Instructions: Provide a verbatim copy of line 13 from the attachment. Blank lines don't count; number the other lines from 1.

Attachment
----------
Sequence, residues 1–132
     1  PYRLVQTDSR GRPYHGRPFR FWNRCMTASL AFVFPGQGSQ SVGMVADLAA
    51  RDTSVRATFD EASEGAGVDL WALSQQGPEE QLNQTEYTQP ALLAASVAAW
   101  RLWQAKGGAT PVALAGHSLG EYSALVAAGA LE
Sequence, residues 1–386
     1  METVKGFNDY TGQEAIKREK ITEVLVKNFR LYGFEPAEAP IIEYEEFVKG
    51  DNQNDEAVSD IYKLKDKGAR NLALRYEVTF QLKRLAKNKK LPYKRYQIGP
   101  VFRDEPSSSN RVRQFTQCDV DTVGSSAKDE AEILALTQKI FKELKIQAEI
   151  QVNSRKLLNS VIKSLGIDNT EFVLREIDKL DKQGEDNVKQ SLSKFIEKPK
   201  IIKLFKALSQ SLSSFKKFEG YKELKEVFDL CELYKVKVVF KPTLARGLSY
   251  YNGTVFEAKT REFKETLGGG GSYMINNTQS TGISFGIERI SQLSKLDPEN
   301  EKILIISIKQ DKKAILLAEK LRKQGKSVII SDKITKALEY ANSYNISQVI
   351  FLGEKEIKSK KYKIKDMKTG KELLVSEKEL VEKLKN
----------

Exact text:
   351  FLGEKEIKSK KYKIKDMKTG KELLVSEKEL VEKLKN